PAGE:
Friday, August 08, 2008

"The sale of letters is a strange thing, though, a very different matter, it seems to me, from books," or, Letters Week Part V!

What set me paging through my various collections of letters this week were the reviews heralding the publication in England of So I Have Thought of You: The Letters of Penelope Fitzgerald. Fitzgerald--whose collection of essays and reviews, The Afterlife (2003), was the subject of my first published review, in the Bloomsbury Review--has long been a favorite, her concise and moving novels a forceful reminder of the power of leaving out; now that I have the volume of her letters in hand, I'm pleased to find that the intelligence, gently ironic humor, and deep sympathy that mark her novels are in evidence in her correspondence as well.

I've only spent a couple of hours with the book so far, but I've already found much that's worth sharing. As I do with any book related to twentieth-century literary culture, I started with the index: Powell, Anthony. Powell does turn up, playing an unexpectedly heroic role, in a letter that is most likely from 1979 (Note to young writers: always include the year on your letters!) to novelist Francis King. At the time King was helping Fitzgerald research a biography of novelist L. P. Hartley, but Hartley's great love, Lord David Cecil, was stymieing her; she wrote,
My LPH situation has got better and worse, (in a way) as Anthony Powell, whom I went to see, rang up Lord David, out of pure kindness of heart, and told him to come off it, as Leslie's biography was sure to be written some time.
Powell's entreaty--delivered in perfectly Powellian fashion, relying equally on old-chap camaraderie and the inevitability posed by time's relentlessness--worked, as Lord David wrote Fitzgerald to say that he had "withdrawn all objections." Sadly, he soon adduced new ones, and the biography was never finished; our loss and Hartley's both, one has to believe, as Fitzgerald was a talented, perceptive, and kind biographer. She argued for the value of her approach in another letter to King:
A primary biography by people who know the subject and are really fond of him or her is a protection, I think. Perhaps artists should be judged by their work, but it's only too evident that they aren't.
That sympathy was where Fitzgerald rooted herself as a biographer; as she explained, first in a letter to her friend Hugh Lee in 1978, then again in more polished form to her American editor Chris Carduff in 1987,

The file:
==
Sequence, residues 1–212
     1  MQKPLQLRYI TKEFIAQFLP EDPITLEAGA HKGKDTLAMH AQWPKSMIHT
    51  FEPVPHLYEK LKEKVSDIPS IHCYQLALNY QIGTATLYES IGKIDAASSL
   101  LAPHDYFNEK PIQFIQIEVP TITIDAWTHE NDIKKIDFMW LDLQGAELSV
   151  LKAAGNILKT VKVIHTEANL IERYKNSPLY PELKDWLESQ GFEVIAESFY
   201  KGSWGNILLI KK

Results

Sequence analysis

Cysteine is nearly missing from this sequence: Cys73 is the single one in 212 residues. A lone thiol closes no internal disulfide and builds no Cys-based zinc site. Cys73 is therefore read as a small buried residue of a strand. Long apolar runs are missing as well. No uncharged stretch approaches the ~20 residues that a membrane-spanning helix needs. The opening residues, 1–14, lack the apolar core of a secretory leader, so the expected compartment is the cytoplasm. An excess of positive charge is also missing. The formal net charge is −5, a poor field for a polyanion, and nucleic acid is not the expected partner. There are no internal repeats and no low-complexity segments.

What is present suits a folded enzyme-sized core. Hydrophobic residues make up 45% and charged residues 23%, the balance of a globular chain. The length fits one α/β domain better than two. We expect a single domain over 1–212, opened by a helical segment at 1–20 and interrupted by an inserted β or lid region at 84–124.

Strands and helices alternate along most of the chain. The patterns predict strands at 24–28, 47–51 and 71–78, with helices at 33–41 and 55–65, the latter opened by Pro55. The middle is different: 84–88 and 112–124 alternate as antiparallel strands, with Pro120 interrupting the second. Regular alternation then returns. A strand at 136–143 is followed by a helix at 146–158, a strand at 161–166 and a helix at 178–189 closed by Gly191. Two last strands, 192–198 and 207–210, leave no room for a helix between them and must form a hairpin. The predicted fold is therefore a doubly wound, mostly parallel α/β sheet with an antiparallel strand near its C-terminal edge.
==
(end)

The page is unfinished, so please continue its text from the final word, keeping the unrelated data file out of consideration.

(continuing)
[O]n the whole I think you should write biographies of those you admire and respect, and novels about human beings who you think are sadly mistaken.

Fitzgerald frequently returned in her letters to the myriad difficulties facing a biographer. Here, for example, in a letter to her publisher Colin Haycraft, dated October 12, 1978, she noted early problems getting needed information about Hartley:
I asked for information about Leslie Hartley in the TLS and got a number of replies, some referring discreetly to the drink problem--one of my difficulties however is that the only person I can find who was actually at Harrow with Leslie (in 1910) is Paul Bloomfield, who is at the same time much too easy and much too difficult to deal with, and also I wonder how much longer he'll last?
I particularly enjoy that letter because, though Fitzgerald is writing it from the perspective of a biographer, the line about Bloomfield--who is simultaneously too easy and too difficult--is the thought of a novelist, marveling at layers of complexity. A similar tone inflects a line from a letter to writer Harvey Pitcher, whom she was attempting to buck up about a biography he was struggling with:
What is odd is that the people concerned, it seems, both did, and didn't, want to conceal everything.
In another letter to Pitcher, from 1988, she succinctly defended the biographer's art, while addressing the question--inescapable for fans of the form--of the lasting emotional effect of digging so deeply into another's life:
I was surprised, though, at what you said about biography. It seems to me that (particularly if you have the letters, and if you knew the subject yourself or can get hold of someone who knew the subject) you can know him or her at least as well as anyone you meet in real life. The trouble is that it's rather difficult to shake the people off when the book is written, and return to yourself. They're not to be got rid of so easily.

Fitzgerald's biographical endeavors also caused her to be particularly attentive to the fates of letters. Still wrestling with the Hartley problem, she wrote to King on June 2, 1978 that, unfair though it may be, she's sure that a new, revealing biography of Edith Sitwell will frighten friends and relations of Hartley into reticence, and
I'm sure going to upset Norah very much and cause more wholesale destruction of letters &c. Well,--"publishing scoundrels!"
Of an earlier biographical subject, the poet Charlotte Mew, she wrote to Forster scholar Mary Lago in 1994,
I never did manage to find the crucial letters or information, although I'm sure they exist; Professor Friedmann said to me--"if there's no proof that a letter's been burned, it must exist somewhere.
Alas, I fear that Professor Friedman is overly optimistic, time and chaos being the fiends they pride themselves on being.

I'll close with a line that made me break out in a broad smile, from a letter of November 20, 1980 to her editor Richard Ollard:
It would be better to write long novels and short letters.
No fan of Fitzgerald's novels could wish that she'd taken her advice seriously; now that I've gotten a chance to enjoy her letters, I'm doubly glad.

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